Palmer was awarded the two Purple Hearts, Bronze Star, Combat Infantryman's Badge and European Campaign Medals.
I met and interviewed Jim Palmer, 91 years, in the comfort of his home, his daughter Julie, doted over him as we talked; He was pleasant, and seemed to enjoy the attention.
During the interview, my zest to capture his combat experiences came up a little shy, he seemed to have difficulty recalling his wartime memories. What he did expand upon was how proud he was to have been an Army Ranger under Darby, and that they had kicked the crap out of the Nazis.
Palmer had war wounds that earned him a 100 percent disability rating, a rare rating even for those days. After the war, he married, sired a son and four daughters, and watched them grow and be successful.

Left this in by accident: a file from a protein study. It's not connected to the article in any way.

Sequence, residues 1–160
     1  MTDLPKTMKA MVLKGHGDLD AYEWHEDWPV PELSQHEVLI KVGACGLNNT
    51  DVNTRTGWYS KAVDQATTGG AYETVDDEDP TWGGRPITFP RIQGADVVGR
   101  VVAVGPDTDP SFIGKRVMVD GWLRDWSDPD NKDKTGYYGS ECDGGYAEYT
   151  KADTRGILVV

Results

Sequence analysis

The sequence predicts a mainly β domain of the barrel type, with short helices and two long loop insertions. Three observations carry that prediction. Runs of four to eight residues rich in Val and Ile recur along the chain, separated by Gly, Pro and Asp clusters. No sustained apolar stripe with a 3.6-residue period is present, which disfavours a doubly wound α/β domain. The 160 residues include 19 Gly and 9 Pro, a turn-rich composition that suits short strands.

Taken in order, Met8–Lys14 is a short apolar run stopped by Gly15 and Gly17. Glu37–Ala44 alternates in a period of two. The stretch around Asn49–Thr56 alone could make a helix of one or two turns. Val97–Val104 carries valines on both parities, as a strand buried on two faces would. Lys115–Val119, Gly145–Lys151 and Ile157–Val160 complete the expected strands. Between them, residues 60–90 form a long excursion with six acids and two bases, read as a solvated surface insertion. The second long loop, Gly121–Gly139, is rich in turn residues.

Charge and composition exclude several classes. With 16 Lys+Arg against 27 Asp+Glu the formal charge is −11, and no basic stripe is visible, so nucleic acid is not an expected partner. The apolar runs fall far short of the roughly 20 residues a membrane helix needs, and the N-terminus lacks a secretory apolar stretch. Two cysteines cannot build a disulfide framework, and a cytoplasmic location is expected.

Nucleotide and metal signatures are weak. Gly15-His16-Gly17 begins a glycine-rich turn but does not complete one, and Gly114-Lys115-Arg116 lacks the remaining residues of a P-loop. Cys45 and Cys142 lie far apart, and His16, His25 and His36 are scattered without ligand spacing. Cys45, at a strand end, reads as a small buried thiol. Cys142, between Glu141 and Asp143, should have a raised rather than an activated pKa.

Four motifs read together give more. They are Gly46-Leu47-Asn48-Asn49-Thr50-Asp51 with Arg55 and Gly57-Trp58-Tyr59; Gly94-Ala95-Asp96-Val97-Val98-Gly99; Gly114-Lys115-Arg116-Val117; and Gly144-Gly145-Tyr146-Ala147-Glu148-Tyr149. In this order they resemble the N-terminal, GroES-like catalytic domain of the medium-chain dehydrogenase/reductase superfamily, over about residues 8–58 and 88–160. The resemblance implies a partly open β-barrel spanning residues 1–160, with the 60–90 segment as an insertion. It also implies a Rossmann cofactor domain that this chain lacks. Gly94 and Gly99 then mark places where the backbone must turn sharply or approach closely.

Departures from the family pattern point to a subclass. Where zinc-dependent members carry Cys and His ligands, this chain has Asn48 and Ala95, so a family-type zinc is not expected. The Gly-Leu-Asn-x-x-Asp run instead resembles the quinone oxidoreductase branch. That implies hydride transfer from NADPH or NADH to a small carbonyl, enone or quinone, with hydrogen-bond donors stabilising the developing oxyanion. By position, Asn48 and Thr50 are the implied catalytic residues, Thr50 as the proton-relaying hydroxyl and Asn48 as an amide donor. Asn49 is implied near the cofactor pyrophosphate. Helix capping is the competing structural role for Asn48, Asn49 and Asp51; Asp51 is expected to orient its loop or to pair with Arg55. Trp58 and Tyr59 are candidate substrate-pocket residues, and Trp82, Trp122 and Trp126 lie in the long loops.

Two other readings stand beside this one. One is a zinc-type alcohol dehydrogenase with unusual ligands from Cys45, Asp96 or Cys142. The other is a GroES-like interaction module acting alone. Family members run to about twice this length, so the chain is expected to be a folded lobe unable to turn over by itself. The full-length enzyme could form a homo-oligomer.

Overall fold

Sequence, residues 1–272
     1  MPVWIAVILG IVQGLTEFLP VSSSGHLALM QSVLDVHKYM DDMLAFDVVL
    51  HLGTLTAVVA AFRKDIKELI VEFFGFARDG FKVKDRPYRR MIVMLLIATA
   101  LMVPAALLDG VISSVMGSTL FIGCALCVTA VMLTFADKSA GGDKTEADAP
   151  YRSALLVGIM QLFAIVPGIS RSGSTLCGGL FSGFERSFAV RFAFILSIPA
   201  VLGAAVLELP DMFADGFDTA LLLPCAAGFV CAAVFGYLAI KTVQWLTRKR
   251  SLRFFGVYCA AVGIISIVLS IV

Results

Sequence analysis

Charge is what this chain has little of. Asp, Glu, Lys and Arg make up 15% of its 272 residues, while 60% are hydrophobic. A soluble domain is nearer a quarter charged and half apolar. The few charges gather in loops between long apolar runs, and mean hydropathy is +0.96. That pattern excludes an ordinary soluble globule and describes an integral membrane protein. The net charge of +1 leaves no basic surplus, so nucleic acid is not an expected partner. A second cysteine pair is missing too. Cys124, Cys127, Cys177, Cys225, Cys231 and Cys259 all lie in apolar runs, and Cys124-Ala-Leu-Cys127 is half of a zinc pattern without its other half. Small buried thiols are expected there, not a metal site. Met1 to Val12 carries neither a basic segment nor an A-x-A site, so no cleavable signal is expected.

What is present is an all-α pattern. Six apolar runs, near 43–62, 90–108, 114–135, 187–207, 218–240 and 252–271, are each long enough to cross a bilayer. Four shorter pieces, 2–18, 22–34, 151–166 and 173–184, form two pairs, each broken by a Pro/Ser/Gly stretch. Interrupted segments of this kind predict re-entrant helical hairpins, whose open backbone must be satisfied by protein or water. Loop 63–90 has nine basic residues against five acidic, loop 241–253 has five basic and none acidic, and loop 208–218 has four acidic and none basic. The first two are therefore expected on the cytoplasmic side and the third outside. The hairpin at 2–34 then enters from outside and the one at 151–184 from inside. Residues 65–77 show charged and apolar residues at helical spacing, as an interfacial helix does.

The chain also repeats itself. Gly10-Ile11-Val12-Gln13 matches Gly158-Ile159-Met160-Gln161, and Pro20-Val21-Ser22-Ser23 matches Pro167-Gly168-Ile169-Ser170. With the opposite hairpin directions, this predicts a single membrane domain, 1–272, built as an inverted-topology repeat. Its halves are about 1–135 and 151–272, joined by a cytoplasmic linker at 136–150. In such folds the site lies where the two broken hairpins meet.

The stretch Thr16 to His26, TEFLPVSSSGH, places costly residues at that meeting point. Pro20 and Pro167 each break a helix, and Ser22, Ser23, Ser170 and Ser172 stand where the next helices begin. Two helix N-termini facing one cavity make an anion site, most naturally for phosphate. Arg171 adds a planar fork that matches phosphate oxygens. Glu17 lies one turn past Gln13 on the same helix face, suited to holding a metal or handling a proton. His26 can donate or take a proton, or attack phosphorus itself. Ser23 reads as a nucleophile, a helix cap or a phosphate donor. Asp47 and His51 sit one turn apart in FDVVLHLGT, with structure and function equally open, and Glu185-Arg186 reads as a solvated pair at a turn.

There were times I feel he did remember some experiences, but I grew aware that he seemed to possibly retreat due to the pain or sorrow those memories evoked.
Regardless, Palmer's short story came to life with the help of volumes of official Army published papers, period newspaper clippings and interviews with him while he was recuperating on convalescent leave, and family documents, including his uniform and military regalia.
Palmer's interview is fact, based on fact. His memory may have dimmed with time but the story is still there. A young man at war who experienced and lived to tell about one of the greatest battles of the Second World War fighting as a Special Operations Soldier.
By U.S. Army Master Sgt. Timothy Lawn
Provided through DVIDS